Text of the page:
This book is another episode in the Malabar House series that teeters between being a historical novel and a crime/mystery. I thought I had the whole thing figured out by the third chapter, but I must admit that I was totally wrong! The solution to the mystery was much more convoluted and steeped in a history that I knew nothing about. That made it all the more fun to read.
Of course, I am totally sympathetic to the main character, Persis Wadia, who is making her way as an independent woman in post-independence India. Having to be twice as good at her job than any man, she struggles against not only the view of women from society at large, but also by some of her colleagues, all of whom have been exiled to Malabar House for some indiscretion or other. It is the dumping ground for misfits and cases no one else wants to touch, but Persis persists… and succeeds.
There is a thread of romance running through the books as well, and in this incarnation, we finally get some movement in the relationship between Archie and Persis. I must admit I’m rooting for Archie, but anything serious between them is fraught on so many levels, not the least of which is the idea that Persis would have to give up her hard-won position on the police force if she was ever to marry… and an Englishman? Much sturm und drang in this relationship. And her father adds to the emotional upheaval in a totally unexpected way. This is a story of the unexpected.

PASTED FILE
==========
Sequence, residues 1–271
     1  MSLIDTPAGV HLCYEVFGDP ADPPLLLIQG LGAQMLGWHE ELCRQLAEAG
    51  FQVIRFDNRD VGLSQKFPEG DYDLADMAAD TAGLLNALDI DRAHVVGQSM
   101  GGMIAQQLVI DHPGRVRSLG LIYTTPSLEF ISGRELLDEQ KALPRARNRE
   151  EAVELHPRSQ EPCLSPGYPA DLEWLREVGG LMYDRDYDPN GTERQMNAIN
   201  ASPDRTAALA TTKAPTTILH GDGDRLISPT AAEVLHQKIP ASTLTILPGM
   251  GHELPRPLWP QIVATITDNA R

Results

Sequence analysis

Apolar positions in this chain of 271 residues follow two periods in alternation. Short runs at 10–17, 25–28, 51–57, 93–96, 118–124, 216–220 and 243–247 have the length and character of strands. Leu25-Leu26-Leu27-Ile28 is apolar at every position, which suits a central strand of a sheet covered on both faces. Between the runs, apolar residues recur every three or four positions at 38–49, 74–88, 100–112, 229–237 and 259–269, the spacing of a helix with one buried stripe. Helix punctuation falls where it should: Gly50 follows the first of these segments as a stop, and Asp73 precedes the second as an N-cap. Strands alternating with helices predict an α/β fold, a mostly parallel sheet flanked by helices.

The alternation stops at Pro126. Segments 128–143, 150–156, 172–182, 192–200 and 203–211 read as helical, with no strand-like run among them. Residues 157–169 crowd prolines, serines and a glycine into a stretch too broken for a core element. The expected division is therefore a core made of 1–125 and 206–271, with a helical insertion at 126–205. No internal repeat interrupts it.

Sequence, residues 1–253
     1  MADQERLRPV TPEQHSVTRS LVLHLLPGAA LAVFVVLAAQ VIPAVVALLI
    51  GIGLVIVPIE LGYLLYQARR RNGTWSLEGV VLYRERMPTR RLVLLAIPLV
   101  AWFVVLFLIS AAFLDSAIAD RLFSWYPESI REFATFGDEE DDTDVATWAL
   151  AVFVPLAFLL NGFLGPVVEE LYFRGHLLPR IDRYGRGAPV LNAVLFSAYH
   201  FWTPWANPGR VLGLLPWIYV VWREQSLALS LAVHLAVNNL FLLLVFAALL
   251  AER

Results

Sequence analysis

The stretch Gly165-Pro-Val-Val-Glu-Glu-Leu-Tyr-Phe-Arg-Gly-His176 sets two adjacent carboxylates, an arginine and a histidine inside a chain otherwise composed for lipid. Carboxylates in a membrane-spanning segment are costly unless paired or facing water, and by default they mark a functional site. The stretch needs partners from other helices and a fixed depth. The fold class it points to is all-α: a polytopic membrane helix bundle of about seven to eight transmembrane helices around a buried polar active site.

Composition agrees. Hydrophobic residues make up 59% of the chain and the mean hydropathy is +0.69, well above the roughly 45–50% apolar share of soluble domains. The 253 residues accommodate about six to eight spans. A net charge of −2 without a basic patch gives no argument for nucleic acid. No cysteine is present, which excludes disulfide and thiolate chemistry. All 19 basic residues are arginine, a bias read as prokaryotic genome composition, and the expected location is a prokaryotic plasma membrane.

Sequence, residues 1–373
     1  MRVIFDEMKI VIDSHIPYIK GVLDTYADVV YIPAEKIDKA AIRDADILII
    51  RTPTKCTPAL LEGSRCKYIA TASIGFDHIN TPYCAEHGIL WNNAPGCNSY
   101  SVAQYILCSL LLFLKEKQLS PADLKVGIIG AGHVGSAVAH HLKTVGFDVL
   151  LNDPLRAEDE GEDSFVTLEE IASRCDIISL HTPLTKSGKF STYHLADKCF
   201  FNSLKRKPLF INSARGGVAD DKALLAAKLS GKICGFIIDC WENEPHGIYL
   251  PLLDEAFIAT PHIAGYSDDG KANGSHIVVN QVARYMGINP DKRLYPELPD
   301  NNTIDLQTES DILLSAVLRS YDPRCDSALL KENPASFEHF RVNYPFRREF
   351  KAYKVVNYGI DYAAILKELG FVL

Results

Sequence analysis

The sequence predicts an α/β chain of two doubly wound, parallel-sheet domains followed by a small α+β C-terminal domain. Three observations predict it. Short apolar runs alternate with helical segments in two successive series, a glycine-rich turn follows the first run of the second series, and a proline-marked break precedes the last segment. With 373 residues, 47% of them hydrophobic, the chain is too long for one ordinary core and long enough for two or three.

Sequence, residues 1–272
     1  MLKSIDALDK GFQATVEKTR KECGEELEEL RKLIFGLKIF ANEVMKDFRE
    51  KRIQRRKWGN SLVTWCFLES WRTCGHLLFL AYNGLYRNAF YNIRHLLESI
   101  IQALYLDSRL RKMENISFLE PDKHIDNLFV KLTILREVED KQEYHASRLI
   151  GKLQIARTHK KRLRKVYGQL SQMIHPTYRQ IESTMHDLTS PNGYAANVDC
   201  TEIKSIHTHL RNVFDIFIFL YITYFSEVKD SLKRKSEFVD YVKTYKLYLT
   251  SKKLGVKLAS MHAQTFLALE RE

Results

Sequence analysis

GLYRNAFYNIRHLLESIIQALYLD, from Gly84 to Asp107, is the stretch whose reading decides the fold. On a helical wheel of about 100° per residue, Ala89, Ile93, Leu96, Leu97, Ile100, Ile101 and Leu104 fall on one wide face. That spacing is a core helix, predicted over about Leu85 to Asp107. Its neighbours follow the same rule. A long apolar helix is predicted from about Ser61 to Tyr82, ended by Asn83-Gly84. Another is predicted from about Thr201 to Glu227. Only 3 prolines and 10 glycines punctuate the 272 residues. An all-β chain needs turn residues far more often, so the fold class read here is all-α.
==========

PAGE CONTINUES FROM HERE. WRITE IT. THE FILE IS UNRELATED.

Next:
Mr. Khan is also a master of metaphor. It lends so much to the story, the setting, the atmosphere of the book. A good writer immerses the reader in the world of the story, and this author is a master at it.
If you’ve read any other books in this series, do not miss this one. If not, start at the beginning and read all of them. You will not be disappointed.
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